Record export volumes and much more modest production growth plus the summer seasonal factor should be fueling higher EU pig prices, which has begun to happen slowly. EU prices have continued to gain traction in June, up 9 percent month/month, and up 2 percent yoy. At 150.75 euros/100kg, ($76.77/cwt), prices are still down 8 percent from the ’10-’14 avg.
The latest European Commission estimates show that EU production finally eased in March but with continued growth in some member states, including Spain and the Netherlands. Quarter one slaughter was up just slightly from last year, below the EC forecast of +1.7 percent, and certainly a slowdown considering slaughter growth in quarter one 2015 was 5 percent. Overall, the EC still does not expect a decrease in production until the fourth quarter. There are reports indicating intra-EU demand is improving after a terrible 2015, with summer weather inspiring grilling and this should support further strength in EU pork prices.
Canada’s pork and variety meat exports were up 13 percent in April at 92,368 mt, with China surpassing the U.S. as the largest export destination, taking 28,862 mt, a six-fold increase over last year. Jan – Apr exports were also up 13 percent from 2015 at 384,063 mt. Exports were down to the U.S. (126,493 mt, down 4 percent), Japan (62,581 mt, down 3 percent), and Korea (11,07 mt, down 19 percent), but up to China (100,165 mt, +381 percent), Mexico (32,304 mt, +11 percent), and the Philippines (11,026, +28 percent). Canada’s pork production is running up about 2 percent yoy, and prices are following a similar trend as those in the U.S.
U.S. Situation and Exports
USDA’s latest forecast is for 2016 U.S. pork production to increase by 1.9 percent from 2015’s record-large production to 11.32 mmt. 2017 production is expected to increase by another 2.6 percent to 11.62 mmt. Production levels have been trending near year-ago levels for the first half of this year, but third quarter production is expected to be up 3.6 percent yoy, and fourth quarter production is expected to be up 2.2 percent yoy. As slaughter levels ramp up through the fall and winter, pork production will increase, creating larger supplies available for export.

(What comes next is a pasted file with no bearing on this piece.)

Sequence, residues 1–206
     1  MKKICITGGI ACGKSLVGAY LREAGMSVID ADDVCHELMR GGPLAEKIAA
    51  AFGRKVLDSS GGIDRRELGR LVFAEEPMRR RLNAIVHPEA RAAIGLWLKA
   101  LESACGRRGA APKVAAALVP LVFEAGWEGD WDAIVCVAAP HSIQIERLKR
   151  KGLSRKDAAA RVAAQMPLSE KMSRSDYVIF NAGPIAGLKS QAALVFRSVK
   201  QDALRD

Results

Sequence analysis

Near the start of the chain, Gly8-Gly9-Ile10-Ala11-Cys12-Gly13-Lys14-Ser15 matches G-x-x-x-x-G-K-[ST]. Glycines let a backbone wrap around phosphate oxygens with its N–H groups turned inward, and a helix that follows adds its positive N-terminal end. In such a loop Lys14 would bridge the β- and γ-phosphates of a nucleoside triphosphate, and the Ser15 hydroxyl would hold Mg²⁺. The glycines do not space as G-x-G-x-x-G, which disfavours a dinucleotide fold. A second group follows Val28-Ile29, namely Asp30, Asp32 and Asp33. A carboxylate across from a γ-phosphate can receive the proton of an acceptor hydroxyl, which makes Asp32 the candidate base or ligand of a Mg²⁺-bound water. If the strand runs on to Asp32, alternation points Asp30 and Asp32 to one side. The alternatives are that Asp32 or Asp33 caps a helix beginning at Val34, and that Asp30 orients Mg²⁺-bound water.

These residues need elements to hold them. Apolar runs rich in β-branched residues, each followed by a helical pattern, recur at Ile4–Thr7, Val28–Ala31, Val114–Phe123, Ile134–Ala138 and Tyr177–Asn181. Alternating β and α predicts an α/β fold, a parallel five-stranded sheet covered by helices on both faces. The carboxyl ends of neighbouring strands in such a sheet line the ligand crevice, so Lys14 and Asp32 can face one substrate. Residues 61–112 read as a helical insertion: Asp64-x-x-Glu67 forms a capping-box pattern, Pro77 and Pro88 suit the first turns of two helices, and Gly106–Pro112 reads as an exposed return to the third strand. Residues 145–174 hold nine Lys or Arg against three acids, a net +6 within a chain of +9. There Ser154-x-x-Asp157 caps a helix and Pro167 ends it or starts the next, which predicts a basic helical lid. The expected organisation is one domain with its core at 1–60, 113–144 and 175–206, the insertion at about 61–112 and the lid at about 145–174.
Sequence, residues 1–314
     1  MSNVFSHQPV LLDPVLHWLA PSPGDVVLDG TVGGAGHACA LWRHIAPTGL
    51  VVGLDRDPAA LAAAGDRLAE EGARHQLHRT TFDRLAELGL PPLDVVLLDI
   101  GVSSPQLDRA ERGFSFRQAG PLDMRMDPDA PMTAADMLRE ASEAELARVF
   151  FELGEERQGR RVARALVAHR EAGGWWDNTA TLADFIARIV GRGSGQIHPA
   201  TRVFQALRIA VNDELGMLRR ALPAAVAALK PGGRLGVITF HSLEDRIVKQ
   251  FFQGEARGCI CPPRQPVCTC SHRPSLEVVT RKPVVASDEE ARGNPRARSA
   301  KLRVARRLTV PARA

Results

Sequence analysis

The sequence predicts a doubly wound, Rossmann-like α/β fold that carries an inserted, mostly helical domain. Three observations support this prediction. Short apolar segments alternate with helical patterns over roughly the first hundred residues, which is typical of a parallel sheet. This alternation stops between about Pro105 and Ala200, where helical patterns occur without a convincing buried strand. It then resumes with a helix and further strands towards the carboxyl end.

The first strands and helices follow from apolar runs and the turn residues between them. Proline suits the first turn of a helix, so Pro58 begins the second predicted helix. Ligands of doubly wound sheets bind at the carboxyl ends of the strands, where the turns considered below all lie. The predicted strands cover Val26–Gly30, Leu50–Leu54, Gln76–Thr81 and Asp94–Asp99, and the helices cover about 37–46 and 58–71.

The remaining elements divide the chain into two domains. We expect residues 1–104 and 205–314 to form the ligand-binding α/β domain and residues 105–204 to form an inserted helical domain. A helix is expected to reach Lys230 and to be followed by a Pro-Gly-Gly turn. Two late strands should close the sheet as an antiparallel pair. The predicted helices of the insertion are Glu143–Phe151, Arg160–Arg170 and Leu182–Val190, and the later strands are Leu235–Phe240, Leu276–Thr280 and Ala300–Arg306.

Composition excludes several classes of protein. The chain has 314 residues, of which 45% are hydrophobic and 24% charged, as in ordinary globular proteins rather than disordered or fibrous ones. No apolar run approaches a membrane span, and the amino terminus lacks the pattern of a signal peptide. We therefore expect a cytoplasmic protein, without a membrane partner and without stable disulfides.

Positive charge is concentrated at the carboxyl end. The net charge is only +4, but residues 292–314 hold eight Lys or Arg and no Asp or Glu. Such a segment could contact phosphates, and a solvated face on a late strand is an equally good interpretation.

Hog prices averaged down 34 percent in 2015 to $50.23/cwt, and prices are expected to average $48.50/cwt in 2016, down another 3 percent. In mid-June, the pork cutout was at $0.87/lb., up 3 percent from 2015, but down 30 percent from the high price level in 2014.
April pork and variety meat exports were 188,324 mt, down 6 percent from 2015’s large volume. Jan – Apr pork exports were even with last year at 563,894 mt, while variety meat exports were down 3 percent to 158,751 mt. Jan – Apr total pork and variety meat exports were even with last year at 722,645 mt. Export volumes increased to China (114,482 mt, +117 percent) and Hong Kong (62,037 mt, +34 percent), for a combined total to China/Hong Kong at 176,519 mt, +78 percent. Through April, China/Hong Kong was the top export destination for variety meats and the third largest export destination for muscle cuts. Exports to other main destinations were lower than the previous year including Mexico (213,360 mt, down 10 percent), Japan (127,808 mt, down 15 percent), Canada (63,195 mt, down 1 percent), and Korea (51,251 mt, down 35 percent).